Leroy Seafood Group CEO Henning Beltestad took time during his company's Q4 announcement to criticise the Norwegian government's ground rent tax, the so-called "salmon tax" which has caused shock waves across Norway's salmon farming industry. Calling the tax "a dramatic change for our company and for the whole farming industry in Norway," he said, "this proposal will delay the development of Norwegian salmon in the global industry."
The Leroy group, which today reported a drop in profits of approximately NOK 100 million for Q4 in comparison to 2021, stated in its Q4 report that the Norwegian government's proposed ground rent tax reveals "a lack of insight into the industry's value chain and value creation, and hence of the consequences the proposal will have."
"It is important that the government understands the industry's value chain, including its level of activity and key role in Norway's coastal communities. We have a duty to remind the government, and its advisers, that the industry is currently scheduled to export more than 25,000 tonnes of food every week. This represents almost 125 million meals, and requires predictability."
"Industrial developments and employment in capital-intensive activities exposed to global competition, such as fish farming, fisheries and related industry, represent challenges and require predictability. In turn, predictability of this kind requires businesses and, not least, politicians at national level to implement a reasonable long-term business policy," the report states.
The group describes the government's proposal as "an example of political risk of the kind we have not experienced in recent times in Norway". Noting that the salmon tax conflicts with previous declarations stating that the government "will execute a predictable and responsible tax policy for business and industry", the Leroy report argues that the new tax also contradicts the governing parties' own policy platforms.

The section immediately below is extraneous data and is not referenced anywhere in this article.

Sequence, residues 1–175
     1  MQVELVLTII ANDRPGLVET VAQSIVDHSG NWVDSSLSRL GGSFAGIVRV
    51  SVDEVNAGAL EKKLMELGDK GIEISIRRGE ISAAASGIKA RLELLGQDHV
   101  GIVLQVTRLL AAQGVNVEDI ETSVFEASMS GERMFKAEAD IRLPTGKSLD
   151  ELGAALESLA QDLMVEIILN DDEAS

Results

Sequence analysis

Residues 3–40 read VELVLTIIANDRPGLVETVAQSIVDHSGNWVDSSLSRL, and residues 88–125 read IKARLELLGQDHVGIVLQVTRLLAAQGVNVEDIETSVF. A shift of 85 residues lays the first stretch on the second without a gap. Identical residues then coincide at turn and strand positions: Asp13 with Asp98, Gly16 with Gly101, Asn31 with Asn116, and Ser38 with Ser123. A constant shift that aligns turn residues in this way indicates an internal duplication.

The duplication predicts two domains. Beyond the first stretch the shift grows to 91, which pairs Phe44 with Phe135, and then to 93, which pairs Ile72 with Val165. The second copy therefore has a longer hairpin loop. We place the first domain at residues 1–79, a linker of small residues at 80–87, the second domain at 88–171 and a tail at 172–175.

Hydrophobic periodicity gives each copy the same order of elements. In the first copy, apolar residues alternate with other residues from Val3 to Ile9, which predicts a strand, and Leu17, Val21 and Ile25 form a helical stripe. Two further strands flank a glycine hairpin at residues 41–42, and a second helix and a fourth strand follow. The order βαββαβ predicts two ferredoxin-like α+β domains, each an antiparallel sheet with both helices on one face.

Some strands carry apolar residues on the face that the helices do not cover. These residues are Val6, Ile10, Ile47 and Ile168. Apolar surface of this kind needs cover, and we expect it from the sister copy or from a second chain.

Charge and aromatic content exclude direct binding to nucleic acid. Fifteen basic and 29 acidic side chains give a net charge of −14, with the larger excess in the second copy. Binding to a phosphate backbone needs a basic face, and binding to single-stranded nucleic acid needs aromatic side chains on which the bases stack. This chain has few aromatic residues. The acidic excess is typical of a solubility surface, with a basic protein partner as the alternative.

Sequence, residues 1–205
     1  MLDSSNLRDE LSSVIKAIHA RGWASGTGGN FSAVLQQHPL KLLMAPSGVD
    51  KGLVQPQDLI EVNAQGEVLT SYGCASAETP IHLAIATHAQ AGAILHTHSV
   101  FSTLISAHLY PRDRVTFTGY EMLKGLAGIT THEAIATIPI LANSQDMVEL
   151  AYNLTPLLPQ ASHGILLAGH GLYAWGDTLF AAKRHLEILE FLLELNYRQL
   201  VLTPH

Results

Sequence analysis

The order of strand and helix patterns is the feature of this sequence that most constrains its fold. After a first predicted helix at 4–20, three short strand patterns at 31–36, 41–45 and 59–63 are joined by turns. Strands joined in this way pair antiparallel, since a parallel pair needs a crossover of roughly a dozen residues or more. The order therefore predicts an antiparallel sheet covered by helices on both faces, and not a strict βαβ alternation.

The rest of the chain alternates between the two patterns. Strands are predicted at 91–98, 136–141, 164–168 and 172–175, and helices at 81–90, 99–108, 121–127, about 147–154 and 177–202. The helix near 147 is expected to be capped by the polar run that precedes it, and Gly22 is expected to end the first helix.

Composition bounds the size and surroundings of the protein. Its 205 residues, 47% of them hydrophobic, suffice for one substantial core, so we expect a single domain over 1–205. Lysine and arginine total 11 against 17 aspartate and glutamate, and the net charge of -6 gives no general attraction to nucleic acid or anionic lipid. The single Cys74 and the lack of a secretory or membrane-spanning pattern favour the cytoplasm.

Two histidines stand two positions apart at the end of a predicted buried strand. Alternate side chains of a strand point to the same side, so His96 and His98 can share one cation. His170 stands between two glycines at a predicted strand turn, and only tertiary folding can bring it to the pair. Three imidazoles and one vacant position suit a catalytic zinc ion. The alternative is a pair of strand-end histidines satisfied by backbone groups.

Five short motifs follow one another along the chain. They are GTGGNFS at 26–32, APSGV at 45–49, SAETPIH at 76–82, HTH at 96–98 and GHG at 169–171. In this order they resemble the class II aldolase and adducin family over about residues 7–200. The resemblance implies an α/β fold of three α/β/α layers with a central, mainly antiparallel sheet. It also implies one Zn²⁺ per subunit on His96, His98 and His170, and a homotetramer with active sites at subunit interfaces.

Presenting the financial results, Leroy Seafood Group CFO Sjur Malm also alluded to the debate within Norwegian media on the salmon industry's contribution to society and the economy. He said that the group's activities support 13,000 Norwegian jobs, and that the company already contributes more than NOK 1.5 billion in taxes and fees, as well as investing in Norway's coastal communities.
"Investments are important for growth, and they drive knowledge," said Malm during his presentation. "Norway today is world-leading in this industry, and that would not have been possible without investment. With the resource tax it will be challenging to continue with growth investments, and in 5-10 years it will make all the difference in the world to where the industry is positioned."
Leroy Seafood is not alone in making the salmon tax a key theme of its end-of-year results. Fellow Norwegian salmon farming giants Mowi and Grieg Seafood also used their Q4 platforms to criticise the tax initiative. Mowi's CEO Ivan Vindheim said that the tax "will completely undermine future growth prospects for coastal Norway's most critical industry", and described the tax as "a dark cloud" hanging over the industry. Meanwhile, Grieg Seafood chief Andreas Kvame noted that due to the ongoing political uncertainty surrounding the salmon tax, Grieg Seafood has "put all growth investments in Norway on hold," amounting to NOK 2.3 billion. Previously, Leroy has reacted to the ground rent tax with shock layoffs of 339 employees at four of the Group's processing operations, and a freeze on investment projects.